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"A Scottish Wind in the Willows on high end skunk."

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Friday, 4 July 2014

Now Reading my charity shop buys....Michael Palin's 'Diaries', Ted Hughes' 'Letters' & Neil Munro's 'Erchie' (not)

Oh well,  I suppose I'd better write something.

I got three excellent books from the local Cancer Research recently.  Books are the ONLY bargains to be found in charity shops these days.  At least, that's the case in the town where I live.  Their bric a brac is vastly overpriced, considering they get it all for freaking nothing.  I can only think that they are obsessed with not letting anyone nab a bargain to sell on Ebay or wherever.  And their clothes are way too expensive considering their condition.  Bobbly, baggy, and smelling of someone else's acrid perfume (or worse).  Possibly with a grotty old paper hankie still stuffed up a threadbare sleeve.
But they (yes - 'they', because rather sadly I now view charity shop staff as 'the other' - and a very grasping 'other' at that, to be approached with extreme caution, like next door's bipolar Alsatian) have no choice but to sell books cheaply because of the 1p sellers online - hooray!  Suits me fine.
For three pounds I bought a pristine hard-backed copy of Ted Hughes' 'Letters', an equally good Michael Palin 'Diaries 1969-79', and a paperback edition of Neil Munro's 'Erchie, My Droll Friend'. In years past I'd have gone to my local library for new reading material and it would have cost me nothing, of course.  But now, the library stock consists of rubbish, the staff appear uninterested in enabling people to actually read and search for books, and due to council policy it has become a noisy 'community hub' for various groups rather than a quiet haven for book-lovers and seekers of knowledge.  I've had to resort to getting books as cheaply as I can via Amazon, Ebay and the charity shops, and I'm sure I'm not alone.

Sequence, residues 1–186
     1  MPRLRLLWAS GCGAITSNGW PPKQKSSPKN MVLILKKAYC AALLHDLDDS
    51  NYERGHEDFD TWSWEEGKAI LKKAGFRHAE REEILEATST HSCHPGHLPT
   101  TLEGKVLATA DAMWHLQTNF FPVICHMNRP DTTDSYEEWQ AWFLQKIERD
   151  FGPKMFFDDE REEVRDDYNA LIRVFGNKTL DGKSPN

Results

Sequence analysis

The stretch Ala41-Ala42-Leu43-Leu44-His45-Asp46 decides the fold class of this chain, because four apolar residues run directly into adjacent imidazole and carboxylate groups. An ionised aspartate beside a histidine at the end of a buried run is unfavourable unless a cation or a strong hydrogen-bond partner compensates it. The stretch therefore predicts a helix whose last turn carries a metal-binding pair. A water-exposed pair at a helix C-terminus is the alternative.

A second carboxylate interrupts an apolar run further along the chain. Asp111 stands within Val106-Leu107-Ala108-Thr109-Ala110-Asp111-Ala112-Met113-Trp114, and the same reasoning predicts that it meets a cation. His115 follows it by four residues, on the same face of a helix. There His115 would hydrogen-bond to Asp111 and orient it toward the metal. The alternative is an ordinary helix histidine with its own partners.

Ted Hughes' 'Letters' is a bit turgid, I have to say.  I only bought the book because it was cheap. Original price on the dust-jacket is thirty quid.  Thirty quid!!  No Way Ho-zay, they're avvin a larf.  I've never been a fan of his poetry and his letters are, for me,  mind-grindingly dull and verging on grim.  Being a top-notch poet sounds unspeakably ghastly.  Luckily,  that's not something that will ever trouble me.  Or indeed many of us 'normal' folk down here in the mud.  However, there are points of interest regarding his personal life, I suppose.
Michael Palin's Diaries are also on the dull side, if I'm honest.  They don't compare with Graham Chapman's A Liar's Autobiography, which I loved.  I really like Michael Palin but he's probably just too much of a nice, decent bloke to write a properly riveting Diary with plenty of gossip and juicy bits.  However,  I'm quite enjoying the part I'm reading at the moment, which covers the period during which they were writing The Life of Brian.  I know the film well and it's interesting to read how they put it together, who wrote what and so forth.  The whole diary actually reminds me a bit of Phil Cornwell and John Sessions' Stella Street, due to the number of celebrities Palin seems to bump into in his local shop, park, pub, etc..  For example,  Harold Pinter in a restaurant,  Elton John crossing the road (Terry Jones nearly runs him over), all three 'Goodies' (frequently, all over the place) and, oh, I forget who else. Lots of people, anyway.  I suppose he does live in 'leafy' Hampstead, which is peppered liberally with 'media types'.  Or so I imagine.
My third buy, the Neil Munro tome, is unbelievably obscure and written in a convoluted, bizarre, almost arcanely so, version of 'Scottish' (not 'Scots', which would have been perfectly fine).  It's a compilation of 'droll' columns written for the Glasgow Herald in nineteen oatcake about affairs of the day and I cannot believe that anyone ever read, never mind enjoyed, them.
I'm horribly fascinated by their period awfulness and so I'll write another blog post about them once I've read around them a bit more.  It'll likely be Very Short.

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